A new term has emerged in our industry and has been getting more attention this summer since Unilever’s CEO used it on stage at Cannes: “woke-washing.” Brands disguise advertising aimed at selling a product as a campaign for a social cause.
Increasingly, people are calling brands out for trying to capitalize on consumers’ social awareness. Personally, I don’t believe most of the marketing professionals whose companies have been accused of woke washing actually set out to prey on the conscience of their customers. So how does a brand fall into this trap and how can it avoid unintentionally woke washing?
Take Fearless Girl as an example. When an investment firm first put the statue in front of Wall Street’s Charging Bull in 2017, it was an immediate hit. The firm was promoting a corporate social responsibility (CSR) initiative tied to International Women’s Day to encourage companies to include more women on their boards. The whole country loved our Fearless Girl, and we loved the people who put her there. Until someone dug a little deeper. And someone will always dig a little deeper. We later learned the firm behind Fearless Girl had less than exemplary female board representation. In fact, it paid $5 million to settle discrimination claims from 305 top female employees.
And although upsetting, you can imagine how initiatives like this backfire. Someone in a siloed department – say advertising or marketing – has a great idea to get attention for the brand. Their team loves it and they execute it full steam ahead. It hits the public spotlight, and for the first time, people start poking holes in it.
Soon enough, the big idea becomes a big liability. But, the lesson here is not to play it safe with your ideas. By all means, when it comes to CSR, think big about how you can positively impact the world and your business. As you think big, however, also ensure you have a team vetting the ideas with your organization’s wellbeing in mind.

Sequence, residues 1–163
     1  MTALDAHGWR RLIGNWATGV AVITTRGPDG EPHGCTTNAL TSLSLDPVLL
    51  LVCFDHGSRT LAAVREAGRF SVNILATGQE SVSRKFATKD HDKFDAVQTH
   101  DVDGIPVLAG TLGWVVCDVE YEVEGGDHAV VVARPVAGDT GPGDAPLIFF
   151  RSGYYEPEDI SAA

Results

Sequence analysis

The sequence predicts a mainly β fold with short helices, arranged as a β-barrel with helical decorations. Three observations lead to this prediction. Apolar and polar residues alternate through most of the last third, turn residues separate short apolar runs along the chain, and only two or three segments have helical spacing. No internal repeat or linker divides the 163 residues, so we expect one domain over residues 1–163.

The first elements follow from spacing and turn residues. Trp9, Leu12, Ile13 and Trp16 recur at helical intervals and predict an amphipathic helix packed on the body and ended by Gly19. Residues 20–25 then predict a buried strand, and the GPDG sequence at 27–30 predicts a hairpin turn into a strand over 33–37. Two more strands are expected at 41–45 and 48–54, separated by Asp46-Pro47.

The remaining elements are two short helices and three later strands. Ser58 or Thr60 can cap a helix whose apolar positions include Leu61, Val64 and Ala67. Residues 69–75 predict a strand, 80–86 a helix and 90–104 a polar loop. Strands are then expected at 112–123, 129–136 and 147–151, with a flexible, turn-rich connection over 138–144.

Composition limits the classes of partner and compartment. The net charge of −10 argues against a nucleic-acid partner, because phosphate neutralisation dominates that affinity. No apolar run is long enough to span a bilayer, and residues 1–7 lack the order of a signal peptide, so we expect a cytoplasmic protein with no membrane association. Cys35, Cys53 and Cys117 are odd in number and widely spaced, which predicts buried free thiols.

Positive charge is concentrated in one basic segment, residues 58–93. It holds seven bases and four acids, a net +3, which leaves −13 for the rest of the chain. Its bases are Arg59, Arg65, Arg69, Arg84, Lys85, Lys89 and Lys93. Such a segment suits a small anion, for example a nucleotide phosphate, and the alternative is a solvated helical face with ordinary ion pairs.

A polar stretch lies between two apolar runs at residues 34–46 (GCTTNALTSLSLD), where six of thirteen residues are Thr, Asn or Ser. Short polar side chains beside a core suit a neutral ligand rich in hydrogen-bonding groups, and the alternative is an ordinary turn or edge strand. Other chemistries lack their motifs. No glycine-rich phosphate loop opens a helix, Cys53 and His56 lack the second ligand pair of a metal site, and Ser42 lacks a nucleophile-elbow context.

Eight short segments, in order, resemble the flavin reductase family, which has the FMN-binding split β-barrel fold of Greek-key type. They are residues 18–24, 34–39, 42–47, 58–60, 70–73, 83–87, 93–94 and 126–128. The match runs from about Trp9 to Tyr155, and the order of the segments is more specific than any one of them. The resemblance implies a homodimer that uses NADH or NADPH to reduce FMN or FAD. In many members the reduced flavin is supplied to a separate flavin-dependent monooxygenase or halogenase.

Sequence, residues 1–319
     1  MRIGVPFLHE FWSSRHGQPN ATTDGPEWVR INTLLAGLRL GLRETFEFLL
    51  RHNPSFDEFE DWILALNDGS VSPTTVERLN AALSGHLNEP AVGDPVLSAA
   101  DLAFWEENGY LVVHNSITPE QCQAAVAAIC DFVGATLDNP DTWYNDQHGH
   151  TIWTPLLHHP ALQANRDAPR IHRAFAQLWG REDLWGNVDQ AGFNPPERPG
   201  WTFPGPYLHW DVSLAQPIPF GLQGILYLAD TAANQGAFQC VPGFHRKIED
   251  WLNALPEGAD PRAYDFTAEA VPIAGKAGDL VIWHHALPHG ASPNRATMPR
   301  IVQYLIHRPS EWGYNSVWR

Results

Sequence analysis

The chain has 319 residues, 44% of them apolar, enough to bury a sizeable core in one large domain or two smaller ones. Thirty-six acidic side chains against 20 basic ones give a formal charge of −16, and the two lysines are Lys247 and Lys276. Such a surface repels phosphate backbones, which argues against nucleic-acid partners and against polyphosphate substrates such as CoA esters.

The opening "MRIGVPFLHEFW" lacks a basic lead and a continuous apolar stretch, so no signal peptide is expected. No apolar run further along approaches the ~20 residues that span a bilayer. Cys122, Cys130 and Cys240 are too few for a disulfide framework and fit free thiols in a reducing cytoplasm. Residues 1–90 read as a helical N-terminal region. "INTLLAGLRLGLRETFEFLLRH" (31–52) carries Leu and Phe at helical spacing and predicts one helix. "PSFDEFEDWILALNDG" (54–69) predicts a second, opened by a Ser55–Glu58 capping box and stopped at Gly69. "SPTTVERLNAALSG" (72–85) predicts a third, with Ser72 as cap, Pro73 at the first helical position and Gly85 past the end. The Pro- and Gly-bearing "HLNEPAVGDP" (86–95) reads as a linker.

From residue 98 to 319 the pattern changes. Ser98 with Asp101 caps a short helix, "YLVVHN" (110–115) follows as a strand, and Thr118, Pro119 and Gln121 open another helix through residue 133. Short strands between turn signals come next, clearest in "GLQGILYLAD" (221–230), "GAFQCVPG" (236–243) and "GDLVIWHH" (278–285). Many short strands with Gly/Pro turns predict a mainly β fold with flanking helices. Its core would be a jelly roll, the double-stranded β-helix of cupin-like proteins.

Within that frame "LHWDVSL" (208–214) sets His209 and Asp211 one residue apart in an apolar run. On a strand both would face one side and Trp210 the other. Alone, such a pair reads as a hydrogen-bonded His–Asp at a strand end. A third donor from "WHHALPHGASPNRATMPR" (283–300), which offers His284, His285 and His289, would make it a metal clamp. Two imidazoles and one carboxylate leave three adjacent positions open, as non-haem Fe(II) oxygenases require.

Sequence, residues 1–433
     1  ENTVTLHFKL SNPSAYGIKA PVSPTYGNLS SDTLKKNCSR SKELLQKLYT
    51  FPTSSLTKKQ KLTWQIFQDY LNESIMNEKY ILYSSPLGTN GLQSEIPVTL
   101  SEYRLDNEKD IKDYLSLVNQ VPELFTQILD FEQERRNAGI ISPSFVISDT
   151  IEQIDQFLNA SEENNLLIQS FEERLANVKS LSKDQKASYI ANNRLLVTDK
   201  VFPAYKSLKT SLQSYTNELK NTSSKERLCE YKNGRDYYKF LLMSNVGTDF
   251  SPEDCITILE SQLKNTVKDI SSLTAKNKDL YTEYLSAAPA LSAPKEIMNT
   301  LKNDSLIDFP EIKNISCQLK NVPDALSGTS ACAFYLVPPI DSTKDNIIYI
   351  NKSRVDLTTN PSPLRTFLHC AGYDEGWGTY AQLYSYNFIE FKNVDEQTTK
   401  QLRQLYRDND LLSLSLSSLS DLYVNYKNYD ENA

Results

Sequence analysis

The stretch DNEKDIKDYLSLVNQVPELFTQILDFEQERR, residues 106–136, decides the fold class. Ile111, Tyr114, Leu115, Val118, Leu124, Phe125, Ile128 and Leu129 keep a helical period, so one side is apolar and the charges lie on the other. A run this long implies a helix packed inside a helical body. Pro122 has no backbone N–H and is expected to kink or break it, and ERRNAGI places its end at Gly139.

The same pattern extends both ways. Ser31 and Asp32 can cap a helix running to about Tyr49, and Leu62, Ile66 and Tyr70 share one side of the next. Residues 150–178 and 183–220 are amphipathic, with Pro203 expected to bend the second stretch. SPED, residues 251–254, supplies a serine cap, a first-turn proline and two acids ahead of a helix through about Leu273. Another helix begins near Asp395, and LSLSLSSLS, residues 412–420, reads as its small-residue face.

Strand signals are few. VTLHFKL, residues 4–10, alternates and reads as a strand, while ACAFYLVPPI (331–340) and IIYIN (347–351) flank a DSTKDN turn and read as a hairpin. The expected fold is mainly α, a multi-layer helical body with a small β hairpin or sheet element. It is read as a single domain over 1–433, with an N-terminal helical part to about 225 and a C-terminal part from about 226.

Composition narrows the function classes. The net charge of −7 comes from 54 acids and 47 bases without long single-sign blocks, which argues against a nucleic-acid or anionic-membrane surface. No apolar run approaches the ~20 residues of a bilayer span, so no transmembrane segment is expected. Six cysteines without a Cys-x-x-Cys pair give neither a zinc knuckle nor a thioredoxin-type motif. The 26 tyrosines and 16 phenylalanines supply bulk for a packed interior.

These are five ways our team at Jackson Spalding helps clients ensure they’re protecting and polishing their reputations with CSR campaigns that speak to who they are as a brand:
1 – Be authentic. Above all else, you should be able to clearly articulate how your CSR campaign aligns with your mission, vision and/or values. If it doesn’t, no matter how great the idea and execution are, you risk looking insincere and having the campaign labeled as a ploy to capitalize on emotions for the sole purpose of boosting sales.
2 – Consider your track record. Your company doesn’t need a spotless history on a social justice issue or cause in order to take stand related to it. However, you need to be able to demonstrate how your organization has improved and share plans for how you continue to drive real, measurable change inside and outside your company. Also consider any policies, contracts or other internal and external documents that would lead others to believe there’s a difference between what you say and what you do, and ultimately become the downfall of the campaign.
3 – Partner with credible nonprofits. Few brands have in-house experts on social justice issues. If you do, they’ll likely lack the credibility given to external organizations dedicated to that topic. Carefully select nonprofit partners who can work alongside you to develop a campaign that considers the vast nuances and complexities that come with the subject of any CSR campaign. As Pepsi learned, overlooking an insensitivity can result in immediate backlash.
4 – Get your employees on board. Your employees can be a CSR initiative’s greatest ambassadors or greatest critics. That’s why it’s essential to always have an internal rollout of your campaign first. Make sure employees know what you’re doing, why you’re doing it and how it will have a positive impact on the community (and the company). Ideally, you also provide them a way to get involved so they can experience the work firsthand. Once you have internal buy-in, the people talking to your customers, vendors, recruits and prospects will help share and even personalize the story behind your CSR work.
5 – Involve your customers. Don’t start and stop with a compelling ad campaign alone. Create opportunities to harness the enthusiasm your well-done promotional materials will elicit. Invite your customers to be part of the positive change your brand is promoting. Project ROI found involving customers directly in CSR activities increases their trust for your company while decreasing trust in your competitors. And be sure you allow your customers to be the hero, not the villain, in the story. Gillette is still coping with the backlash from its “The Best Men Can Be” campaign that launched with a provocative two-minute video earlier this year, which still today has 1.5M “dislikes” compared to 799K “likes.”
Don’t let the headlines slamming companies for their CSR attempts dissuade you from launching and promoting a compelling social issues campaign. With a strategic approach and thoughtful execution, you can create good in the world and goodwill for your brand.